Simon Barber
Simon Barber

A man of substance

If Barack Obama wins Tuesday’s New Hampshire primary — and after his decisive showing in the Iowa caucuses last week, his chances look very strong — it will be time to start thinking seriously about President Obama. The prospect appeals.

Not to Bill Clinton, of course. He has been telling reporters Obama is unelectable and that if the media continues swooning for Obama while socking it to Hillary, the result will be another Republican in the White House. Bill may be one of the smartest politicians of his generation, but in sinking to this level of spin he appears to have inhaled something.

Until quite recently, I’ve been cautious about Obama, wondering, in Dorothy Parker’s phrase, whether there was any there there. Sure, he can give a great speech, but does he have substance? Hillary has been counting on that question to deal with the Obama challenge. Trouble, for her at any rate, is that Obama has been answering it and his answers are convincing.

Have a gander at this speech which he gave in Iowa some weeks back. His campaign was stalled at the time. If he reaches the White House, this may well be remembered as the moment his candidacy caught fire. What you’ll see is not play acting or the accomplished delivery of lines crafted by a clever speechwriter. It’s the kind of oratory that makes things happen.

Every candidate, Democrat and Republican, is posing as an agent of change. Change, say the pollsters, is what the electorate craves. Hillary contends that she has the experience to implement change. She reels off laundry lists of “accomplishments” from her service in the Senate and as First Lady to prove it.
But her track record is a double edged sword. Does four or eight more years of a Clinton in the White House really represent change? What laundry list ever stirred a nation’s soul?

Americans this year want change the way they wanted change when they elected Ronald Reagan. In 1980 they had been through a rotten decade.

Humiliation abroad, first in Vietnam then at the hands of the Islamic revolutionaries in Iran; stagflation and petrol queues at home. The past eight years have been no joy ride either. 9/11. The wrong-headed and disastrous intervention in Iraq. The decline of American prestige. The collapse of the dollar. And now imminent recession.

Reagan the outsider promised morning in America and won in a landslide. Obama likewise offers a message of hope: Abroad, a restoration of America’s standing in the world and an end to the shame of torture and Guantánamo Bay; at home, an end to ideological brainlock on issues like affordable healthcare. Moreover, Obama not only offers hope, he embodies it. A solid majority of Americans, I think, would take great satisfaction in electing a black president. They would feel they were telling the world an important story about themselves, their country and its values. It would be a matter of national redemption and with redemption, pride.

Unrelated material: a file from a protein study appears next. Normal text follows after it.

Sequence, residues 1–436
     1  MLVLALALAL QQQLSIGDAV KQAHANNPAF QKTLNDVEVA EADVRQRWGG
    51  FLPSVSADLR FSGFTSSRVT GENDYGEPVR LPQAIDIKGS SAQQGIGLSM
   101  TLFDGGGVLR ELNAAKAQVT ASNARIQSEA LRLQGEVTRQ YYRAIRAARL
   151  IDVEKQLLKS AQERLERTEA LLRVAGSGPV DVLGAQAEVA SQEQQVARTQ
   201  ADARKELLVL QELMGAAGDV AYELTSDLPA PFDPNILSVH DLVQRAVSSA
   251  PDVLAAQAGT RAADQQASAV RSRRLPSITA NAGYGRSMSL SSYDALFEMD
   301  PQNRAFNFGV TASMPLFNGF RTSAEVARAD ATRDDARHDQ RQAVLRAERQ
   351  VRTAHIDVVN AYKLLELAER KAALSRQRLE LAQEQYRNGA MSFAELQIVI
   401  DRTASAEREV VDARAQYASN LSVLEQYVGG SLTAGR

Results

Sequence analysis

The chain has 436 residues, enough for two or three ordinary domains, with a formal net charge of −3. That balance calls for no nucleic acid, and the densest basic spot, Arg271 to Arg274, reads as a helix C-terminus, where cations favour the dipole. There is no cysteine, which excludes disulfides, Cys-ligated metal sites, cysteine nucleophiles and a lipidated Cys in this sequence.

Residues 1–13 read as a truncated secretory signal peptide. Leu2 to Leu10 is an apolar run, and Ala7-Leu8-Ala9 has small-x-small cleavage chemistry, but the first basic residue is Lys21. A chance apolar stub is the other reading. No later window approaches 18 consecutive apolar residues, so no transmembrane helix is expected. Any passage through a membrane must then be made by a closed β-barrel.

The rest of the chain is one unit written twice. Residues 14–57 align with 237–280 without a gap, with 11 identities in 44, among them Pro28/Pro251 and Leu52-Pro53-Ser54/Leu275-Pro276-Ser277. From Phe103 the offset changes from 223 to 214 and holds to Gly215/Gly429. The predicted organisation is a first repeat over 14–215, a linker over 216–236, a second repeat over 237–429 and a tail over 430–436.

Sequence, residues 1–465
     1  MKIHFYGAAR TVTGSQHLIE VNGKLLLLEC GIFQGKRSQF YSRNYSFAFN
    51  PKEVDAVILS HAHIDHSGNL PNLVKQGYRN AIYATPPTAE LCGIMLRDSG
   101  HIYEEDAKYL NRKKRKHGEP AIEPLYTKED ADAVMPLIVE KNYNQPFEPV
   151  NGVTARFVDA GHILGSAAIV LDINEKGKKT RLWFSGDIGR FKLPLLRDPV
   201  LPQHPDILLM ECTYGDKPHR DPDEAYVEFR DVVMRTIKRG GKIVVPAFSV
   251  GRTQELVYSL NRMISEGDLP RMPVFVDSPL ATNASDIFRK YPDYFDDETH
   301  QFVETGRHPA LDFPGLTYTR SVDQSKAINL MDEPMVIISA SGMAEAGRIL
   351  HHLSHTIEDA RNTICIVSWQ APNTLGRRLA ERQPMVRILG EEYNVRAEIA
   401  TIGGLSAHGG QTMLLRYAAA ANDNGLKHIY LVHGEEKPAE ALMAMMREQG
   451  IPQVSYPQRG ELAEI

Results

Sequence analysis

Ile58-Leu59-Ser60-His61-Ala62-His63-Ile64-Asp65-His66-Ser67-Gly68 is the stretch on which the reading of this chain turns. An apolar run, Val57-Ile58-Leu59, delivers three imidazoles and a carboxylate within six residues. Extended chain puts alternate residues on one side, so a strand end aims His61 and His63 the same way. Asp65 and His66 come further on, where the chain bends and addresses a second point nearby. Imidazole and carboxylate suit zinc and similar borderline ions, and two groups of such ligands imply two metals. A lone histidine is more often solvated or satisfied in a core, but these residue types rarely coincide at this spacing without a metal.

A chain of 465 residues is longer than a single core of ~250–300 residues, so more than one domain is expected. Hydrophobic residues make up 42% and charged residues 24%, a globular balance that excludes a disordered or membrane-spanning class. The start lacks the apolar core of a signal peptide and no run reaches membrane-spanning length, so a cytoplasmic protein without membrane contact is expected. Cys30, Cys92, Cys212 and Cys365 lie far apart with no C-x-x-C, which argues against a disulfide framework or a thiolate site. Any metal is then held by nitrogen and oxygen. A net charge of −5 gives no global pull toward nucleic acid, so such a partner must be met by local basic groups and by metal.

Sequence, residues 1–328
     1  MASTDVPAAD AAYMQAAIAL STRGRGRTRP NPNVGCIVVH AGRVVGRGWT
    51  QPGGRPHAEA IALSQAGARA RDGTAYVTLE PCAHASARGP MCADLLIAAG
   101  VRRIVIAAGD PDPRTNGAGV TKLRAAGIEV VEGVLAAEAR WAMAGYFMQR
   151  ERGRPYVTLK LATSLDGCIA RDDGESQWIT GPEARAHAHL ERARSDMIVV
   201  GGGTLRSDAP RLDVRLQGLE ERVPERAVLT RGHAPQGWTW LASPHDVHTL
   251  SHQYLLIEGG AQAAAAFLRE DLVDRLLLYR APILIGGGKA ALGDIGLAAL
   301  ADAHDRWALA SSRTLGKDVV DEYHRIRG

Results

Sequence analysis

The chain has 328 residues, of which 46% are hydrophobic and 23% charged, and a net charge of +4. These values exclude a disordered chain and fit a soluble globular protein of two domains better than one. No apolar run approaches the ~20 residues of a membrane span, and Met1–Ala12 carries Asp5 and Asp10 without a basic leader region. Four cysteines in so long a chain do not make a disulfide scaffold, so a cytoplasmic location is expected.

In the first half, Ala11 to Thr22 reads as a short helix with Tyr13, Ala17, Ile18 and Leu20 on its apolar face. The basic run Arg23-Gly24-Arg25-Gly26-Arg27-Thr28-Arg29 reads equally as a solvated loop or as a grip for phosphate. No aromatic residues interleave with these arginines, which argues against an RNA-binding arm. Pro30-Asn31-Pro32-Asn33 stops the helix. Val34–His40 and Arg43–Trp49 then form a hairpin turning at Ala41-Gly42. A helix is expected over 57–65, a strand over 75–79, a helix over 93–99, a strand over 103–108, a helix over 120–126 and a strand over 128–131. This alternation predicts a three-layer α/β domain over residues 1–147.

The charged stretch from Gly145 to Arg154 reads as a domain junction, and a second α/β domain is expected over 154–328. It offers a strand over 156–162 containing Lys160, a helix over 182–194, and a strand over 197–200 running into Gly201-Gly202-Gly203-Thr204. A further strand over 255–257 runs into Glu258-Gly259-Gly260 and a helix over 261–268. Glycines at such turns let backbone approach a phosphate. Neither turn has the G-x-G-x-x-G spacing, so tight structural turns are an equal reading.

For a good primer on what makes Obama tick, this New Yorker profile is worth a read. Entitled “The Conciliator”, it portrays a listener who is serious about practical solutions, believes in putting himself into the shoes of his antagonists, is distrustful of -isms, has both the self-confidence and humility to transcend partisanship, and “whose natural instinct”, as one friend put it, “is not dividing the baby in half but looking for areas of convergence”.

As a guide to an Obama administration’s foreign policy, this quote from the New Yorker article is useful. Discussing the invasion of Iraq, he said:

“There was a dangerous innocence to thinking that we would be greeted as liberators, or that with a little bit of economic assistance and democratic training you’d have a Jeffersonian democracy blooming in the desert … There is a running thread in American history of idealism that can express itself powerfully and appropriately, as it did after World War II with the creation of the United Nations and the Marshall Plan, when we recognized that our security and prosperity depend on the security and prosperity of others. But the same idealism can express itself in a sense that we can remake the world any way we want by flipping a switch, because we’re technologically superior or we’re wealthier or we’re morally superior. And when our idealism spills into that kind of naïveté and an unwillingness to acknowledge history and the weight of other cultures, then we get ourselves into trouble, as we did in Vietnam.”

As for the meme that Obama is all talk and no action, this oped from last Friday’s Washington Post provides a interesting corrective.